Kitchen Basics : How to Make Homemade Pasta

By December 15, 2016Kitchen Basics

Why make homemade pasta instead of boiling water and tossing in the boxed variety? Satisfaction of making a homemade meal, from scratch,  just like Nonna used to make (that is if you were lucky enough to have a nonna like this!) or because you want to be the nonna/nonno who is able to do this for your family, because let’s face it, homemade is just better and we are all better off knowing how to make fresh pasta. Better still, homemade pasta is so chewy and flavorful and probably simpler than you believed. When done right, it cooks up so quickly that dinner will be ready in no time.

If you’ve got all-purpose flour and eggs in your fridge you’ve got the makings of pasta. You could obsess over the perfect combination of these two ingredients, but you don’t have to, because the Italian rule of thumb is 100g of flour to 1 egg. So that’s roughly 3/4 c of flour to one egg. It’s not an exact science so don’t fret.

How to get started

Make a flour well

Try channeling your elementary school volcano project and build a volcano of flour and create a “well” in the center. Pour your eggs and yolks into the well (you can also blend them beforehand to save time). Mix the eggs with a fork and when well blended, begin folding in the flour to the eggs with a fork or if you are feeling adventurous, your hands. Combine ingredients well until a solid dough forms.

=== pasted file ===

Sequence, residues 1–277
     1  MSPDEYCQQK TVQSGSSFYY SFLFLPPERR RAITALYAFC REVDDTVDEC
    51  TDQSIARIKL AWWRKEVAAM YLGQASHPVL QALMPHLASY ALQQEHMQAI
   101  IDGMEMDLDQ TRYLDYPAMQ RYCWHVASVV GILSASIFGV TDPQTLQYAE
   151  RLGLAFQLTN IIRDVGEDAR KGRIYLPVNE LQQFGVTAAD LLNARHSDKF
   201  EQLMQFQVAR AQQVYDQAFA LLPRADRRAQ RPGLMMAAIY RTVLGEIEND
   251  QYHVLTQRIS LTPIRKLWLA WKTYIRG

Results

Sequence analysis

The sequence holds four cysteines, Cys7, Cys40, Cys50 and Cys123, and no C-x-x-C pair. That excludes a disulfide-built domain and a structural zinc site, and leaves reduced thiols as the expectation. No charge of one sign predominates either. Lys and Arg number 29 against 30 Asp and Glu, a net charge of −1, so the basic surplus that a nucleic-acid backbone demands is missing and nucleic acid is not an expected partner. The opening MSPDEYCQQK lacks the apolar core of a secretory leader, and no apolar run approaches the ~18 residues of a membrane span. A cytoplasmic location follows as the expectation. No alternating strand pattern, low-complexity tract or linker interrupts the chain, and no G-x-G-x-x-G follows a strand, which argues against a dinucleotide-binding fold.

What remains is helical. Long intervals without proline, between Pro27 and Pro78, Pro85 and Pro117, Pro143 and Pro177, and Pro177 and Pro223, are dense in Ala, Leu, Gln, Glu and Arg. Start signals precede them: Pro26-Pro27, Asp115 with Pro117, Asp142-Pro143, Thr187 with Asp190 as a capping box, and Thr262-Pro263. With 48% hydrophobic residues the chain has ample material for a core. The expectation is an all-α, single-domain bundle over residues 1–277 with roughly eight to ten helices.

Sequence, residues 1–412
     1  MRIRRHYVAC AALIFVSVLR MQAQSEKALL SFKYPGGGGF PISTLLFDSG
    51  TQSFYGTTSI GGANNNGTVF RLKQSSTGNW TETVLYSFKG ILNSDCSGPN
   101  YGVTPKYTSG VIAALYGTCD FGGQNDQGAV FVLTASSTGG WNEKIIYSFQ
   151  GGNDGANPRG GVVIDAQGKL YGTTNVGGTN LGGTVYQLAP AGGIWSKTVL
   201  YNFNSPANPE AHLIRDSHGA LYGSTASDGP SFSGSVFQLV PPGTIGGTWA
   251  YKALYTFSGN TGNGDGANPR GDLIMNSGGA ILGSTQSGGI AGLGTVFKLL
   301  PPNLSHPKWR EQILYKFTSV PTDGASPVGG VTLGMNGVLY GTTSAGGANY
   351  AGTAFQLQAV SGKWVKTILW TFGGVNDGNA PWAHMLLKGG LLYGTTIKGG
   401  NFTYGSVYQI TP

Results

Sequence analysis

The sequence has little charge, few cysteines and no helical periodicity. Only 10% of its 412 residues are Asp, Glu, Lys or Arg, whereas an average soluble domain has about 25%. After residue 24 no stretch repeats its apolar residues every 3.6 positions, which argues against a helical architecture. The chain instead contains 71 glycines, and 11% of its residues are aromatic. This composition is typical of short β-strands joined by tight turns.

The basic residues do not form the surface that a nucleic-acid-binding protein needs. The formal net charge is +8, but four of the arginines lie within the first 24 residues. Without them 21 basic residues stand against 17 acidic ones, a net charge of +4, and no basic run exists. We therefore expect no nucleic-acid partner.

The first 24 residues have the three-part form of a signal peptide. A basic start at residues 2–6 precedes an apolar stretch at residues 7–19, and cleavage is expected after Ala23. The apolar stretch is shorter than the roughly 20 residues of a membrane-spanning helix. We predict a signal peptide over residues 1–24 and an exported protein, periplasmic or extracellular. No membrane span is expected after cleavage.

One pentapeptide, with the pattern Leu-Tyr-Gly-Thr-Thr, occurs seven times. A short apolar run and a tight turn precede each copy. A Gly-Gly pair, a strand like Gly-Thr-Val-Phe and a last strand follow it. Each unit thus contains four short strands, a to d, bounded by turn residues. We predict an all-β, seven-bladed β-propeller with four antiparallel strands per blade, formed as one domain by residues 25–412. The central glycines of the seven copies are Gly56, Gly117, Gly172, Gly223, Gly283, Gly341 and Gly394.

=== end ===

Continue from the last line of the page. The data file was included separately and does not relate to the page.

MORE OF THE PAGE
Spread a good amount of flour onto a large flat surface and begin working the dough. Turn over the dough for about 15 minutes to work out any air bubbles in the dough.


The stretchy, chewy nature of pasta is thanks to the gluten in flour. Kneading helps to form the “gluten net,” and allowing dough to rest helps these bonds to relax so rolling will be easier (imagine if you tried to roll it out immediately it would be like trying to roll a rubber band). You don’t need to let the dough rest for a long period of time, but resting is good.  So wrap up your dough in some cling wrap, grab a good book, and let the dough do its thing for around a half an hour or so.


Fresh handmade pasta can be turned out using a pasta machine, but when you don’t have one a good ole rolling pin will do the trick. You want to roll the pasta out to around 1mm thick, or basically as thin as you can make it. If you are rolling it through a pasta machine, turn the number down each time you run the dough through (eg. starting at 7 working your way down to 1) to obtain the thinnest dough possible.


Choose your shape

Making the basic pasta types: spaghetti, fettucini, pappardelle is simple to do with a knife, and also possible on the pasta machine. If you are wanting to branch out and make some other shapes, this handy video will guide you through it.

When your pasta is ready to go, why not give one of these recipes a try?

Good luck and buon appetito!

Author Uncle Vern

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